Under My Skin wields a powerful message for youth

More than 1,200 Grade 7 students throughout Central Alberta have had the opportunity to view Under My Skin over the month of November

Jenna Swan

More than 1,200 Grade 7 students throughout Central Alberta have had the opportunity to view Under My Skin over the month of November and the beginning of December. The play focuses on the many issues affecting the lives of Grade 7 age students as they transition into their teenage years.

The brilliant and witty script, combined with the young energetic performances by the actors truly captivated the young audience’s attention, as well as my own. I couldn’t help but think back to when I was their age. I thought about the issues I dealt with and what I may have thought of the play as well as the impact it may have had on my life.

Grade 7 was a scary time. For me it was the beginning of middle school, the beginning of puberty and the beginning of seven years of awkward body and mind changes.

It is a time in your life when you start to worry about how you look, how other people look and what you might want your future to look like. When I look back on those days I wish someone had said to me the wise words given during this play.

Just as the actors in the play portrayed, I too would get stressed out about performing my best in school and the different sports I played, struggling to be the best I could be and just as portrayed in the play I would often look at myself in the mirror and wonder why the image staring back at me wasn’t different.

Co-written by Kate Harris alongside the actors of the play and directed by Justin Bronson – Under My Skin delves deep into the issues facing youth of today. With a primary focus on body image, the play also touches on stress, anxiety, depression, suicide, role models, pop culture, relationships and bullying.

I will never forget the first time I showed my mom first hand what cyber bullying looks like. She was appalled and gasped, later stating, “I don’t even know how to handle this. There was nothing like this in my time.”

I do not envy parents of today as their children are living in a world in which they’ve never themselves lived. While issues of body image – i.e. weight, acne, etc. – have been around for decades, the way mass media bombards young spongy minds these days is far beyond the comprehension of what most parents dealt with, making these issues much worse than when our parents were that age.

The Internet makes all of these issues worse and parents often have no idea what their teens are dealing with within their individual cyber realms.

Harris and her team emphasized to the students a number of ways to handle the upcoming stress they will face in the tough years to come, including positive thinking and the importance of being yourself in a world that is begging you to be someone else. The play reminds students that they are not the only ones going through these issues, and that if they don’t feel like they can talk to any one about it, there are always counselors to help.

I can only imagine what the world might be like if every student of this age were to see this play and it have the impact on them that it had on me as an adult.

Although I am now aware of most of the solutions they presented to the students, I certainly look back at myself at that age and remember the confusion and feelings of being alone in the world, and alone in the issues I was facing. It would have been nice for someone to tell me I wasn’t.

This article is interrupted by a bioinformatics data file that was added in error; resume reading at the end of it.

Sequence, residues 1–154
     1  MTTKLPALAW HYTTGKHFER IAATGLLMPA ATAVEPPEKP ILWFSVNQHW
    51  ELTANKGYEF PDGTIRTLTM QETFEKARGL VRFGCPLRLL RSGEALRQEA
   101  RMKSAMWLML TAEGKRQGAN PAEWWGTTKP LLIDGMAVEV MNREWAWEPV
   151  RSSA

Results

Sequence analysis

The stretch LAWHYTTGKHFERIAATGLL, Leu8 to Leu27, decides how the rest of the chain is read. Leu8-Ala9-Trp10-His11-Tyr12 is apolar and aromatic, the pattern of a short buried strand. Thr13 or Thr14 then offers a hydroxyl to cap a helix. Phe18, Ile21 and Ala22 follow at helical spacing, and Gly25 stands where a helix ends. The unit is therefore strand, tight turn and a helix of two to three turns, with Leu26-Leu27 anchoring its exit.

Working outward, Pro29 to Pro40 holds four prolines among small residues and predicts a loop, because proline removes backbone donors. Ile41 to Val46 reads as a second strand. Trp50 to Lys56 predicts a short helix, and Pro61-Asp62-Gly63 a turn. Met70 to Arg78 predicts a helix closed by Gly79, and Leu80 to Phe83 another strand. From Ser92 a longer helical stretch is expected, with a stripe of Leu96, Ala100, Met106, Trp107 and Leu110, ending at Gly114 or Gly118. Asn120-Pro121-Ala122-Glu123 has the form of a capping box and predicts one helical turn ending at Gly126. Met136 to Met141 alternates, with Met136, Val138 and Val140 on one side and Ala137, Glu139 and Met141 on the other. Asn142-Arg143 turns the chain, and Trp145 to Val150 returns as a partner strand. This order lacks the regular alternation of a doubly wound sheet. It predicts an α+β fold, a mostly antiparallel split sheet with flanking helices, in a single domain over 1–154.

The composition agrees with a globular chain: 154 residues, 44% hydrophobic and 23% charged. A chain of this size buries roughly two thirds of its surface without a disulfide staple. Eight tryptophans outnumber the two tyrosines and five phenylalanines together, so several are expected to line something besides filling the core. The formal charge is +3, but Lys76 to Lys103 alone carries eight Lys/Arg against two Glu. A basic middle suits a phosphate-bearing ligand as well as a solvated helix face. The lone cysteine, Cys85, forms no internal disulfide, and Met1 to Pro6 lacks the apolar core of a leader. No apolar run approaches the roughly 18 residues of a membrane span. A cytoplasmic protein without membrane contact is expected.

jswan@reddeerexpress.com

 

Just Posted

PHOTO: Big Brothers Big Sisters cuts ribbon at Bamford House

New facility to help local youth with mentorship

UPDATE: 18-year-old Rimbey teen dies in collision

A portion of Highway 53 west of Rimbey is down to one lane while crews investigate

Lacombe County Council highlights- Sept. 13. 2018

Lacombe County held a regular meeting of Council

New athletic league for Burman volleyball and basketball teams

University joins Prairie Athletic Conference

City of Lacombe announces new playgrounds

Essex Park & Michener subdivision will provide new spaces for play

WATCH: AHS breaks ground on new Lacombe Community Health Centre

17,000 sq. ft. facility will bring existing Lacombe AHS services together

Kim agrees to dismantle main nuke site if US takes steps too

Kim promised to accept international inspectors to monitor the closing of a key missile test site and launch pad and to visit Seoul soon.

Wetaskiwin RCMP looking for missing youth

Police say 12-year-old Treston Minde left his residence on his bike Sept. 17 and hasn’t returned home

North Carolina gov pleads with storm evacuees to be patient

The death toll rose to at least 37 in three states Tuesday, with 27 fatalities in North Carolina.

North and South Korea say they plan to bid for 2032 Olympics

Moon and Kim announced a sweeping set of agreements including a vow to work together to host the Summer Olympics in 2032.

Russia’s reinstatement after doping scandal goes to a vote

The World Anti-Doping Agency is due to vote Thursday Sept. 20, 2018, on possible reinstatement of Russia.

Ontario wins stay on ruling that struck down council-cutting plan

The province had argued the stay was necessary to eliminate uncertainty surrounding the Oct. 22 vote, and the Court of Appeal agreed.

B.C. cannabis producer Tilray hits at $20-billion high as stock price explodes

This is the first export of a cannabis product from a Canadian company to the U.S.

‘Sesame Street’ wants to clarify: Bert and Ernie aren’t gay

The characters are best friends and have many human traits but “remain puppets, and do not have a sexual orientation”

Most Read